Yeah, workforce housing, which is what exactly the type of stuff that we do.

David Feaster -- Raymond James -- Analyst

That's helpful. And then just kind of following up on your point, Dave, on the working from home, maybe more of a strategic question. And I suspect I know the answer to this is, this market really basically just affirms your business model. But I guess, as you guys step back and think about your positioning in the market and the business model, do you see any changes to the strategy in the midst of this environment, given increased remote workers and more digital adoption and changing consumer behaviors? Just -- not only just on the expense savings side, maybe office space saving, but even opportunities for growth or places that you might want to invest to drive additional organic growth going forward?

David DePillo -- President

So we embarked on those, I would say, four years ago and said, we are not going to be solely dependent on bricks and mortar. We want to invest in technology. We want to upgrade our systems. We want to have scale and efficiency that most institutions at the size we were four years or five years ago, wouldn't have made those investments. And quite frankly, we got beat up for it for a while, because our efficiency ratio was running a little bit higher. Those investments, we feel, are paying off in a few areas. One is, the -- from the inception of the business, when Scott put the bank together, it was built in a time where distributed technology was a lot more efficient than most banks were built 20 years, 30 years ago. So this bank has always been -- has the ability to have a distributed workforce from day one. We haven't had the need to disseminate everyone out. But we've always had that ability. So that was a strategic advantage. On the core systems and our digital delivery, the commercial side from the -- from five years ago, we built out a robust commercial site, because we knew the client base that we're going after requires significant technology to perform those tasks. And then we made the strategic decision to really kind of push the consumer side on our digital delivery platforms. So we kind of feel we are what we call the cutting edge of digital delivery on the consumer side, and not the bleeding edge. So we let the big bank spend the hundreds of millions of dollars, and figuring out how to deliver this, and then we take more off-the-shelf products that are cheap and efficient for us. And if you just look at our digital branch growth -- from zero to $380 million in less than, what, nine months?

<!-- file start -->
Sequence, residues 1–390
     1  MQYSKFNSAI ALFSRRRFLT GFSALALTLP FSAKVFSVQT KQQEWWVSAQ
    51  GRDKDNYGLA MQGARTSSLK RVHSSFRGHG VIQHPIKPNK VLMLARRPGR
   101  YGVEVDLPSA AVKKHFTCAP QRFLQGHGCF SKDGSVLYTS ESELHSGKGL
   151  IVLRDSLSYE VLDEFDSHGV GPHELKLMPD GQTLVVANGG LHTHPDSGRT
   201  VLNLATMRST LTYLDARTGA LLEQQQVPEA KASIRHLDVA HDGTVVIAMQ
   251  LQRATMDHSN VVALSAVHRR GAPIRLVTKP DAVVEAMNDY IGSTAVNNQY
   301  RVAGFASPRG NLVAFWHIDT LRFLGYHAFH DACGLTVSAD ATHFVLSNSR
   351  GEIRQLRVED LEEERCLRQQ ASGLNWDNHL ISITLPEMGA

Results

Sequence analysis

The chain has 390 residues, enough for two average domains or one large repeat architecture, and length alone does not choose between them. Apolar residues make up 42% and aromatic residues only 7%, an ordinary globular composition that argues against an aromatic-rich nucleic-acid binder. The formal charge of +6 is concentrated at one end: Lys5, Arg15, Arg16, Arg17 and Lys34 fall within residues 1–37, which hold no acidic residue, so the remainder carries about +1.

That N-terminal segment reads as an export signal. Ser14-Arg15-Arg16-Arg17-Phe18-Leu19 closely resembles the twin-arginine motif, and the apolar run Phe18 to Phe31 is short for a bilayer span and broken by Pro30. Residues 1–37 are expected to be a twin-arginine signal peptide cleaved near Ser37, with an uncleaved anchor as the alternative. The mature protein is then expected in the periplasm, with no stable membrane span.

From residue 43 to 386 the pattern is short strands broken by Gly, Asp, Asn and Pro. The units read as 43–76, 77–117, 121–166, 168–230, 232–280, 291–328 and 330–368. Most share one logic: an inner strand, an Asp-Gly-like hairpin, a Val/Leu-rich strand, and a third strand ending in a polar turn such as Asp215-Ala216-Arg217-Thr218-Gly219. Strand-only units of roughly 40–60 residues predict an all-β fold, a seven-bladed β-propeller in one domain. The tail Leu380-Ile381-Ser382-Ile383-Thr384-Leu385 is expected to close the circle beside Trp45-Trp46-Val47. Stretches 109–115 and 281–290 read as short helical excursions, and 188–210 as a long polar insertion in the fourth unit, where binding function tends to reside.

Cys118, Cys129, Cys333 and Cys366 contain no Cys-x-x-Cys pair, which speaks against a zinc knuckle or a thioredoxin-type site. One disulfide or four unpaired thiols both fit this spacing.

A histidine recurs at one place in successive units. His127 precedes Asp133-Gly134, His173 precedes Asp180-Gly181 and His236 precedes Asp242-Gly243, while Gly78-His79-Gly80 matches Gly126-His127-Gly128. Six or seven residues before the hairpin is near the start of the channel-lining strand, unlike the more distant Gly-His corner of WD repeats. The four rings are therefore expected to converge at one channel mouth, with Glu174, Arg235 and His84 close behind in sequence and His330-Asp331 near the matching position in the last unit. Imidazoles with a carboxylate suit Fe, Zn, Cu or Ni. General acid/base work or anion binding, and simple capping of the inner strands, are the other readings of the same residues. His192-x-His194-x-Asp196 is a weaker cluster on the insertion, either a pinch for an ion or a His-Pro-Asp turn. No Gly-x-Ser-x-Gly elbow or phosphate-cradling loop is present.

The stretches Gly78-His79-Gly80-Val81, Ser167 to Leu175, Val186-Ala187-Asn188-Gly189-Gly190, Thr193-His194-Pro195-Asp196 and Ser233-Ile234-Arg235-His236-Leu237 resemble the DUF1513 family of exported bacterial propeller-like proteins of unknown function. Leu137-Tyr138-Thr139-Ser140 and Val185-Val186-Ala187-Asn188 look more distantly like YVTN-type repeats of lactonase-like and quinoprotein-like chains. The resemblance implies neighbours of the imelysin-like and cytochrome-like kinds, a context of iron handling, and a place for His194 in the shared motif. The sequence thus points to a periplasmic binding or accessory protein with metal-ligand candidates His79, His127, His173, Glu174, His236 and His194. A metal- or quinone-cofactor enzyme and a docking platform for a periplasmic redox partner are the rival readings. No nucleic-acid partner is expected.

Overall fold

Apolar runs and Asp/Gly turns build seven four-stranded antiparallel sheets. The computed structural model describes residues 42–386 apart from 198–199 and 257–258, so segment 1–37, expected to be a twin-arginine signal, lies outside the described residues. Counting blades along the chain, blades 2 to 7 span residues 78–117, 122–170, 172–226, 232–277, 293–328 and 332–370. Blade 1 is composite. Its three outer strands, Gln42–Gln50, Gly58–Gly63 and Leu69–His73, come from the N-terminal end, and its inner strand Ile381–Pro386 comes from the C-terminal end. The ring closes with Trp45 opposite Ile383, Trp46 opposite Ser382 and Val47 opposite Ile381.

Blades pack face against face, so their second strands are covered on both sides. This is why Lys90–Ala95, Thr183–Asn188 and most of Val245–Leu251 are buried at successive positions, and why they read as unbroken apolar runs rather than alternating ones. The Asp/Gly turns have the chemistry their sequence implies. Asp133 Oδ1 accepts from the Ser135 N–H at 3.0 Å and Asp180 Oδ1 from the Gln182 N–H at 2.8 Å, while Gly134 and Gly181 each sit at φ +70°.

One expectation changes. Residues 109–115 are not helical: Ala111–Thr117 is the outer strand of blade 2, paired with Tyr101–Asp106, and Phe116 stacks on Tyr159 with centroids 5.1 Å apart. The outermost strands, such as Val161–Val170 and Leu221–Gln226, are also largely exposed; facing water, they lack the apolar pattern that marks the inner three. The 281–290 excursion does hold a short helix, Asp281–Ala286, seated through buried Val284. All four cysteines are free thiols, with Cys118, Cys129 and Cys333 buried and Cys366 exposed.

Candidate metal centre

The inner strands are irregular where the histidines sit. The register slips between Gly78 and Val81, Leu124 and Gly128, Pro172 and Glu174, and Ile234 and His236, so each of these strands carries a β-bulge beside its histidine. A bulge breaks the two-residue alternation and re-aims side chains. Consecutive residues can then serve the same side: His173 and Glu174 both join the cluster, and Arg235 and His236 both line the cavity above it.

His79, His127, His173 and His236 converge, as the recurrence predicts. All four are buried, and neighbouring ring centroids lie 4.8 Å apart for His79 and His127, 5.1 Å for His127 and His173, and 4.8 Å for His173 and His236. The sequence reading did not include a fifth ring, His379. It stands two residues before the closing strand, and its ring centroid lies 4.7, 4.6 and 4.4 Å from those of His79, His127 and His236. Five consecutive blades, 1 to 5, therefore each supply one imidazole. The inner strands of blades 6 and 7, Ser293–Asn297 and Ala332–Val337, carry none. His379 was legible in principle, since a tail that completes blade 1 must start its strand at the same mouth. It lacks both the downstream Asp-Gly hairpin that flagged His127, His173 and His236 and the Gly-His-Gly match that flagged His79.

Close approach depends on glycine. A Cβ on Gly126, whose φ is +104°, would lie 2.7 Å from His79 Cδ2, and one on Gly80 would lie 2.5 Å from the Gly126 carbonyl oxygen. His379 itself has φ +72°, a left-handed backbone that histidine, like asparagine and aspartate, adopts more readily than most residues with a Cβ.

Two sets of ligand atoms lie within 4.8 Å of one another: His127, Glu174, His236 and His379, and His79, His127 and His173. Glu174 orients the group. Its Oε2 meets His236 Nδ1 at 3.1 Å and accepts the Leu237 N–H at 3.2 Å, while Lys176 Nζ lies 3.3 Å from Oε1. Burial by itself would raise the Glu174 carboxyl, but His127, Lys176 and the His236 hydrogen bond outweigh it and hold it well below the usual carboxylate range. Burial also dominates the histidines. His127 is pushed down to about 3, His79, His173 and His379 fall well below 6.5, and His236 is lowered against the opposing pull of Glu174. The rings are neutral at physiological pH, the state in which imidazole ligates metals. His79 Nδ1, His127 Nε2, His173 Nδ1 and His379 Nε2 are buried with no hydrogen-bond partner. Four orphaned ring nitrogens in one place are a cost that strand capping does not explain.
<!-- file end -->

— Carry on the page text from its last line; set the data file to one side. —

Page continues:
Scott F. Kavanaugh -- Chief Executive Officer

Yeah.

David DePillo -- President

We grew the size of the community bank in that period literally with a few people at no cost, effectively, on the margin to us. Our strategic partnerships with our technology providers are some of the best in the industry right now. They're using us as kind of the poster child for our other banks. We've won several awards around our distributed delivery, as well as our internal efficiency use of business intelligence. So we've -- we feel going into the next leg, we were just lucky to make those investments, when this pandemic hit because we sit around going with 15% of our staff on cycling, we're as efficient or more efficient than we've ever been.

Scott F. Kavanaugh -- Chief Executive Officer

I keep using the word serendipitous. I mean, it really was serendipitous. Look, looking forward, on a longer-term basis, and I think it's important to really talk about it, we have very little office exposure, if any. When you look at our CRE concentrations, it's multifamily. We're not the only bank. I mean, I've been reading all the big banks are in no hurry to bring their employees back. We were initially facing some of our employees back, and we've halted that. And I think for the foreseeable future, we're evaluating what our needs are in terms of office space. And come time for the renewal, I have a feeling we won't need near the office space that we currently have, which will be further cost savings for First Foundation. And I would bet that not just banks, but a lot of different companies out there are facing the same thing that we are in, realizing that you can still get good productivity from people working remotely as well.